Clippers shaking their heads about wild, wild West

first_imgSixth-man Jamal Crawford, who Tuesday returned after missing 17 games with a calf injury, also spoke in head-shaking tones.“That’s how competitive the West is,” he said. “It shows how good the West is, how much parity there is in the NBA. In three days the matchups have changed five times. It’s unbelievable, it really is.”Besides the Clippers (53-26 before Saturday), the other four teams in that aforementioned mix are Memphis (54-25), San Antonio (54-26), Portland (51-28) and the Houston Rockets (53-26).The Clippers have won three of four from Portland, so that matchup – should it remain as such – seems a good thing for the Clippers. But Griffin suggested nothing can be taken for granted when it comes to the post-season.“There are certain teams that you feel you match up well with,” he said. “Sometimes the regular-season success does kind of dictate how you’ll play against them, but at the same time the playoffs are a whole different thing.” Prior to the slate of games Saturday in the NBA commencing – including the Clippers against visiting Memphis – the five teams sitting in the Nos. 2 through 6 positions in the Western Conference standings were separated by no more than three games, four of them by no more than one game.Again, before play Saturday, the Clippers would have been playing the Portland Trail Blazers in the first round of the playoffs. But with so many teams bunched together, and with three games still left for the Clippers as well as three of the other four teams – San Antonio had just two – that can change.“It’s crazy,” Clippers forward Blake Griffin said Friday at practice. “I’ve had some close, tight races down the stretch, but never like this. There are so many different scenarios; that’s the crazy part.“It kind of goes back to the old, ‘We can only control what we can control.’ That’s how we play, and that’s how we approach these next three games. That’s really our focus.” Homecourt advantage bigThe Clippers defeated Golden State 126-121 in Game 7 of the first round at Staples Center this past season. Having homecourt advantage was big in that series, and the Clippers would love to have it again in the first round.“It’s very important” Griffin said. “We did win one game there in the playoffs. But those Game 7s. … The crowd was great that game. They got off to that early lead and we walked them down, so having it at home was huge for us. Homecourt is definitely a big thing. In case you get into that situation, it’s huge playing the last game at home.”Crawford’s memory of that win over Golden State is vivid.“I remember when we came on the court, it was electric,” he said. “The crowd was into it, they were fired up and it was truly a win-or-go-home moment for us because we had to get it done.”The Clippers were down 64-56 at halftime before coming back to win and advance to the conference semifinals, where they were beaten in six games by Oklahoma City.Clippers re-sign HudsonThe Clippers on Saturday re-signed guard Lester Hudson to a multi-year agreement. Terms were not disclosed. Doc Rivers had been entertaining the idea of re-signing Nate Robinson, who recently played through two 10-day contracts with the team.“I like his toughness, I just liked his defense,” said Rivers, coach and president of basketball operations. “He has a chance to be a really good defensive player in our program.”Hudson, 30, played in three games during his recent 10-day contract, averaging 2.3 points and 1.7 steals.center_img Newsroom GuidelinesNews TipsContact UsReport an Errorlast_img read more

29yearold Tica becomes first certified disabled diver in Costa Rica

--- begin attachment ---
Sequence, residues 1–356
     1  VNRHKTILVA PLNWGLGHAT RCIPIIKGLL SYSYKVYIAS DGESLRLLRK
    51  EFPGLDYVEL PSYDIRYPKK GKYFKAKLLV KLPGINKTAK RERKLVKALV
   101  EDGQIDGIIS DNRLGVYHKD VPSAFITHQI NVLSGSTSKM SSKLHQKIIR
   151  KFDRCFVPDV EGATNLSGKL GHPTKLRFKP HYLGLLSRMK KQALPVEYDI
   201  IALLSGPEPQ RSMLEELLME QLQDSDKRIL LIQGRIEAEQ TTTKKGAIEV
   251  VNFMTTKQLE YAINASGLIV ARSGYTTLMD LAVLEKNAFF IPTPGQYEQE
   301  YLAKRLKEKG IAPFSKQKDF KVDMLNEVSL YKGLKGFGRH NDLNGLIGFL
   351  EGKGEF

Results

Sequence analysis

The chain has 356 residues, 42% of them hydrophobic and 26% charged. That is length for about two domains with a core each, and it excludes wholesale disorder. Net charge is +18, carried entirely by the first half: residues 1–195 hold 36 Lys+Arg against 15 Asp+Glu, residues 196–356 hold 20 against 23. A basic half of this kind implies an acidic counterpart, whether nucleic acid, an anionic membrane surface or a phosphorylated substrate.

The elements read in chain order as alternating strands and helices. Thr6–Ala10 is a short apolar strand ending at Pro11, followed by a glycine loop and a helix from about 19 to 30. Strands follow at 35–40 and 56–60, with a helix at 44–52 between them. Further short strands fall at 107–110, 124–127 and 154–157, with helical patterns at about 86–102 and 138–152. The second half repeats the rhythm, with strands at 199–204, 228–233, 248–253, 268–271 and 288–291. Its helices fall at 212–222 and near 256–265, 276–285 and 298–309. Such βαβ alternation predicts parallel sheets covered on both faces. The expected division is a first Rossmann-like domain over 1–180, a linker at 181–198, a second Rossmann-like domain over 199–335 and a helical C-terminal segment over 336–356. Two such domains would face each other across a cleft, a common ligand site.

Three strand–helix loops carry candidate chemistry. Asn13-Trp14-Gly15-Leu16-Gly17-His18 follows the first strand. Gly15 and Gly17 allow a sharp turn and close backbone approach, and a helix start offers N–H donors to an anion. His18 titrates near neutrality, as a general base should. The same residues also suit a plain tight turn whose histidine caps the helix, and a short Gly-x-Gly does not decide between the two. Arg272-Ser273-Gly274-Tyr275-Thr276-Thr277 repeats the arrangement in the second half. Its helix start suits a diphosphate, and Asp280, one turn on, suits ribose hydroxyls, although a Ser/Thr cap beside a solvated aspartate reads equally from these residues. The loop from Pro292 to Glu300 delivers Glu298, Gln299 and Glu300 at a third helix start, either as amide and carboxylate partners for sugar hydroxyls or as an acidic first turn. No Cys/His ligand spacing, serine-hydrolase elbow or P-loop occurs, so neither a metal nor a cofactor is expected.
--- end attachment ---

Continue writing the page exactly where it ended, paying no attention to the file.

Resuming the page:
first_imgRelated posts:Dancer who lost a leg in Boston Marathon bombing finds solace in Costa Rican scuba diving Water concessions: A priority for use in Costa Rica Top medical experts say we should decriminalize all drugs and maybe go even further Tire mosquito trap could boost Zika control The dive boat pitched in the waves at the mouth of Culebra Bay off the coast of the luxurious Papagayo Peninsula in Guanacaste. Schools of rays jumped out of the water in the distance, flashing their white bellies in the hot sun, unfazed by the waves and wind that buffeted the red and white Buzos de Aventura dive boat on Jan. 25.Natalia Vindas’ smile hid behind a scuba mask and regulator as she floated in the choppy sea. Her legs rested near the surface as she and dive instructor Ernst van der Poll prepared to descend for one of her last skill dives. Vindas soon would become Costa Rica’s first certified disabled, van der Poll said.“We’re opening a big door so that people with reduced mobility problems can access the type of sports that normally aren’t for people in wheelchairs,” Vindas, 29, told The Tico Times, still in her black wetsuit after the dive.“I feel very proud to be the first Tica to break that paradigm and show people the only limits are the ones in your head,” she added. Natalia Vindas. Javier CastañedaOriginally from Heredia, north of San José, Vindas became a civil engineer and traded the green mountains of the Central Valley for the pampas of Guanacaste, where she worked as a highway engineer.One day in 2008, however, she lost control of her truck while not wearing a seatbelt on the job. The truck rolled and threw her from the vehicle, breaking her back.At 21, Vindas lost most of the mobility below her waist, and much of the self-reliance that she had come to enjoy living on her own. She needed help dressing, bathing and getting around as she adapted to life in a wheelchair.“That independence, that capacity to feel that I could do things for myself, that I could go where I wanted, that’s what I lost in the accident,” Vindas said. “That’s the part of diving I love, because it gives me back that independence. I feel so free, I forget about the wheelchair.”A little over a year ago, Vindas heard about adaptive diving, scuba diving specialized for people with disabilities, and met van der Poll, who was married to an old friend of Vindas from school. She went on her first dive in August 2013 with van der Poll and attended a Discover Scuba event at the Four Seasons Papagayo last September, the first of its kind in Costa Rica.Alonso Vindas, Natalia’s 20-year-old brother, took up scuba diving mostly as a way to help his sister at first. But he fell in love with the sport, too.“We both like the same things, we’ve always been partners in adventures,” said Alonso Vindas, who was also completing one of his last skill dives.The siblings teased each other on board the boat after Alonso’s shoulder-length hair caught in his mask. They commiserated on the less than ideal conditions on the water.“The sea was rougher, more turbulent, more difficult to descend,” Vindas observed. The strong currents clouded their visibility.Van der Poll said that Natalia Vindas took to diving naturally, quicker than many able-bodied divers he had taught.The dive master said that they had to develop hand signals for Natalia, since she uses her hands to propel herself underwater.“We’ve been teaching her to be autonomous,” van der Poll said, focusing on finding techniques so she can get her equipment on and off, use a weight belt and build strength.After her first dive six months ago, Vindas set out to become the first certified disabled diver in Costa Rica. Thanks to support from Buzos de Aventura diving company, the Professional Association of Diving Instructors, and the Four Seasons, she has been able to achieve her goal. Vindas said she hopes to become certified as a rescue diver too.“In the end that’s what it’s all about,” van der Poll said. “It’s about being inspired by something and then that inspiration follows through and gives purpose.”That new sense of purpose inspired Natalia Vindas to go back to school.She studies architecture, and plans to design buildings and public spaces that better accommodate people with disabilities.“I’m a very restless person. I like to do a lot of things,” she said. “When I do something, I feel like I need to achieve something else to feel like I’m always pushing myself.”That night, in the Four Seasons’ bar, Alonso Vindas leaned over the table to share more about his sister.“A lot of people talk about her like she’s an example. No, just put yourself in her position. [People with disabilities] have the capacity to do it, maybe in a different way, but they can do it,” he said. “I see her as a brave person. Someone who didn’t let the accident conquer her.” Facebook Commentslast_img read more